The Word 'Tapas' Originally Had Nothing To Do With Specific Foods

As is often the case in the history of language, a word can begin its life with one definition and, over the course of decades or even centuries, go on to pick up many more. Such is the case with the word "tapas." While we all know tapas as the Spanish tradition of serving small plates of delicious food alongside drinks, the original meaning of the word meant something completely different.

Far from referring to specific types of food, the original definition of tapas was much more singular and practical. In Spanish, the word tapa is a derivative of the verb tapar, which means "to cover." Therefore, the literal translation of tapa is "lid". So, it is in keeping with the actual definition of the word that tapas makes its introduction to food.

You see, tapas became regular bar vernacular by food being used as a physical lid for drinks. It is generally believed that tapas were originally pieces of bread or sandwiches that bartenders placed on top of a drink as a way of preventing flies or other airborne particulates from getting into the liquid. It's as practical use as any for a slice of bread. So, how on earth did it go from protection from insects to the flights of food we all know today?

From flies to flights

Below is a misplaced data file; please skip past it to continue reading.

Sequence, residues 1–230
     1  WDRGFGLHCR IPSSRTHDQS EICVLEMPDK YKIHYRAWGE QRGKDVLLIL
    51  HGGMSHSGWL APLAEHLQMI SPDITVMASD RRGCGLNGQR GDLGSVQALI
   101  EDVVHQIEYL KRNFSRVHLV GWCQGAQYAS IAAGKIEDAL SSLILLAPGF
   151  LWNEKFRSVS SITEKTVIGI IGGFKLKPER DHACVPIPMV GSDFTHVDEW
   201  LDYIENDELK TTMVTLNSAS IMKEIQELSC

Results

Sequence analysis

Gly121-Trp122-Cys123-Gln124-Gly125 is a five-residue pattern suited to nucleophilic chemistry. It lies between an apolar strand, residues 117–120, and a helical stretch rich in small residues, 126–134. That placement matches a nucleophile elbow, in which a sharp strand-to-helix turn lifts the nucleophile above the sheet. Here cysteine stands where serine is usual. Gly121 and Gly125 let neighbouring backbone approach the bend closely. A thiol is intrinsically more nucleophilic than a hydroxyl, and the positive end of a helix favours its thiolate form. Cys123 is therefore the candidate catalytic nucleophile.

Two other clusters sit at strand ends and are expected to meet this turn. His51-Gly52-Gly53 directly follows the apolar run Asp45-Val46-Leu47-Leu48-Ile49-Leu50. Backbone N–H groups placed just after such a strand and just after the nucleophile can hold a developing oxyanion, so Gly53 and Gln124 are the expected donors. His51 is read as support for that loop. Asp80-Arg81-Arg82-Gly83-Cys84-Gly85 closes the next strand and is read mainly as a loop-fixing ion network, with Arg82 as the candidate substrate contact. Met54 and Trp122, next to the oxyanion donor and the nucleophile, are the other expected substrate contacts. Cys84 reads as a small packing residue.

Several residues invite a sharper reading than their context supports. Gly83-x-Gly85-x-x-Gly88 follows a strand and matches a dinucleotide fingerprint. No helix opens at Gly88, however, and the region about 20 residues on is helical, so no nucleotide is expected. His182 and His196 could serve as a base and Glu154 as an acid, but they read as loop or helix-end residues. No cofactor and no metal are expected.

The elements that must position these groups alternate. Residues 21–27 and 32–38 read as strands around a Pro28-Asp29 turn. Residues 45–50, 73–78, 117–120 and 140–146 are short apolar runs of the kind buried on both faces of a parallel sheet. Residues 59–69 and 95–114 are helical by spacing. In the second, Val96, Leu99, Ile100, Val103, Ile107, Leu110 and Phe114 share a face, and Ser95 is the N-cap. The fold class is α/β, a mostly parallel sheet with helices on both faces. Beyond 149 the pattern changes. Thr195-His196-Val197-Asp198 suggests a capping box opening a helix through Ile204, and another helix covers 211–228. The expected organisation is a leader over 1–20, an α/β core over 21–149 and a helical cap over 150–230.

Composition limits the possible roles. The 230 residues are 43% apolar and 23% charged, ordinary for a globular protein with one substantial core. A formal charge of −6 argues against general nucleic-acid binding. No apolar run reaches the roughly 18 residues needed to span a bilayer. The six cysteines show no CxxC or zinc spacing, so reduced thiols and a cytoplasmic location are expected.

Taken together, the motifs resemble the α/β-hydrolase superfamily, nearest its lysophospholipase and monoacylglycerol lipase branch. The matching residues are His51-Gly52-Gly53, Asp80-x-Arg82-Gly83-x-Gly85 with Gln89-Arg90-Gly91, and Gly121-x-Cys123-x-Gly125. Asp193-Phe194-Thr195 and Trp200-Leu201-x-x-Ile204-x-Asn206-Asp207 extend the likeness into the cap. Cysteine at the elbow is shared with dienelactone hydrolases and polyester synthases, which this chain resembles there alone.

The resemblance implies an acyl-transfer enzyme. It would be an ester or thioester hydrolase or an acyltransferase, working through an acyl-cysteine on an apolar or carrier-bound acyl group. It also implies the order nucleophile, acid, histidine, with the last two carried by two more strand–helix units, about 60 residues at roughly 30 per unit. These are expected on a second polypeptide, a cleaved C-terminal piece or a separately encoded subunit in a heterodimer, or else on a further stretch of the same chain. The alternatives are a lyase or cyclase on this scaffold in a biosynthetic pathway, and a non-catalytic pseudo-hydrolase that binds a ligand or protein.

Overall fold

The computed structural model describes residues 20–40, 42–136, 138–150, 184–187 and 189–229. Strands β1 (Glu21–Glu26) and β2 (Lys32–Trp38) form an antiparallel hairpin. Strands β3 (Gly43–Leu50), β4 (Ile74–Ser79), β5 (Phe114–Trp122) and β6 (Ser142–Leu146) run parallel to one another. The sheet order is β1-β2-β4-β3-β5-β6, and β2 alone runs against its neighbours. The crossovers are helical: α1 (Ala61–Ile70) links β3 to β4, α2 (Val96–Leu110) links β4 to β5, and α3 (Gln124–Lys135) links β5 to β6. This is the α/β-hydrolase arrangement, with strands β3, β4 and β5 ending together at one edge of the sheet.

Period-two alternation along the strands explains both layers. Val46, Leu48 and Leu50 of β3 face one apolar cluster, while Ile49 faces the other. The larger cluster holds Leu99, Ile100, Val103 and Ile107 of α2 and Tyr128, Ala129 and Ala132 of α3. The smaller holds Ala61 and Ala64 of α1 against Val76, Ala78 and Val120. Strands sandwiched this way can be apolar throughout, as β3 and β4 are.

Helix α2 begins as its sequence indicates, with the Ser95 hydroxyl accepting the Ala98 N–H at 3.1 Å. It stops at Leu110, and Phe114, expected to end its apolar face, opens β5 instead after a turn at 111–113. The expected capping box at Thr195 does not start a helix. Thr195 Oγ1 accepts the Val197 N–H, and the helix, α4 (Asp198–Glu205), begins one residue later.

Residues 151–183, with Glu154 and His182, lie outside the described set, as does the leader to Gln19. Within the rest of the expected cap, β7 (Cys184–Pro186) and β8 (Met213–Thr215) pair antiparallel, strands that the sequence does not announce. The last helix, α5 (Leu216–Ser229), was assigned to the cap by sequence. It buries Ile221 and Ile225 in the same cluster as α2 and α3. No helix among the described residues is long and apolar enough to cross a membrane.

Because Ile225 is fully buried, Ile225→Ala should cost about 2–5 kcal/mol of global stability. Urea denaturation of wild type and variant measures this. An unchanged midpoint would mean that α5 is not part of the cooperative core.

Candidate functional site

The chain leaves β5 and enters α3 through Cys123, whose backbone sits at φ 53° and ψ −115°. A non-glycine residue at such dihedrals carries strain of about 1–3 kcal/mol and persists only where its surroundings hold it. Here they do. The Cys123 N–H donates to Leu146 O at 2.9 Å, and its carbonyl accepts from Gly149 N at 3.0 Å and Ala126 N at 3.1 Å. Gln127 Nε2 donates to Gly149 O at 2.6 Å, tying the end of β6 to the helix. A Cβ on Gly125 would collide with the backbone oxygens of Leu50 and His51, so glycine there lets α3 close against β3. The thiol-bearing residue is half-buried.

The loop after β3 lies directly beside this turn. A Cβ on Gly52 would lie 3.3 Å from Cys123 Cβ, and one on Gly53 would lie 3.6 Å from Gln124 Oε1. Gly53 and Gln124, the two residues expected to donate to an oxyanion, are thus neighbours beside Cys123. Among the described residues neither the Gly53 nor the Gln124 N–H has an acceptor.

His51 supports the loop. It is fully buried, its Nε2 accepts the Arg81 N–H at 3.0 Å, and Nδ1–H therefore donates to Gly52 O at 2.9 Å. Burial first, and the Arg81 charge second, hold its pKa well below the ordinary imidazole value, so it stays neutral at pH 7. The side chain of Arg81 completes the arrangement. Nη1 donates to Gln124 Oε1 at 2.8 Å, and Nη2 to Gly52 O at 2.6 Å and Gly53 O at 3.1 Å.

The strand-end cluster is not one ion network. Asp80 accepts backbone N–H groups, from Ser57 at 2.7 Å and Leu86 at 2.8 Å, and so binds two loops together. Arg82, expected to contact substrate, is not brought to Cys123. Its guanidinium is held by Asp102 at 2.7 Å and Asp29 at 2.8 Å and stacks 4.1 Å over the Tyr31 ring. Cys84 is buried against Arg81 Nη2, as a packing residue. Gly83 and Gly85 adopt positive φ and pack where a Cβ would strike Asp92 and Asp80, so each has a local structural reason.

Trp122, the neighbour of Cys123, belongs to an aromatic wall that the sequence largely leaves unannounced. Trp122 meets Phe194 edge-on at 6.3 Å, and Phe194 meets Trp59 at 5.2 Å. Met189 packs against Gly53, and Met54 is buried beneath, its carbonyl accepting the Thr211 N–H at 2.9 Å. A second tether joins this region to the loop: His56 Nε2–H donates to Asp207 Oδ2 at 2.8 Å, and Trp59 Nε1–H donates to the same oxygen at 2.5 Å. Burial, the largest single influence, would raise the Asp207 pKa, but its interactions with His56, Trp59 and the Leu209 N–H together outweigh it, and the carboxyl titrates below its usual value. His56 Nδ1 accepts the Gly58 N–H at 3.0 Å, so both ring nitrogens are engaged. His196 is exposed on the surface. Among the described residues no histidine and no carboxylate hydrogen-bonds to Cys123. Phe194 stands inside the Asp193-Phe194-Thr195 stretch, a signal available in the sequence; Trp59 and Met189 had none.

It may be hard to see exactly how tapas went from food being used as an edible drink lid to the culinary tradition it is today. But the thread, however thin, is there. One of the more popular tales of how tapas came into being actually comes from the 13th century. The then King of Spain, Alfonso X, was recovering from an unnamed illness when his physicians had prescribed him a regiment of copious wine drinking accompanied by small portions of food. The food was intended to stave off drunkenness and enhance the wine's medicinal benefits. Apparently, this cured him. The King then declared that all households in Spain should eat small portions of food alongside their beverages as a means of preventing alcoholic intoxication.

It's also been theorized that medieval laborers kept small, portable, cheap lunches on them that could be eaten relatively quickly so as not to harm their productivity. These were things like olives, bits of cheese, sausages, and bread — not all that different from what you'd find on tapas plates today. 

Either tale could be true. It could also be true that bar patrons enjoyed eating their small beverage lids and asked for more once they'd finished. Bartenders took advantage of the potential for more business, morphing the original purpose of tapas into beloved traditional dishes like pan con tomate, pescado frito, bombas, empanadas, and gazpacho. As far as definition changes go, this one has to be the most flavorful.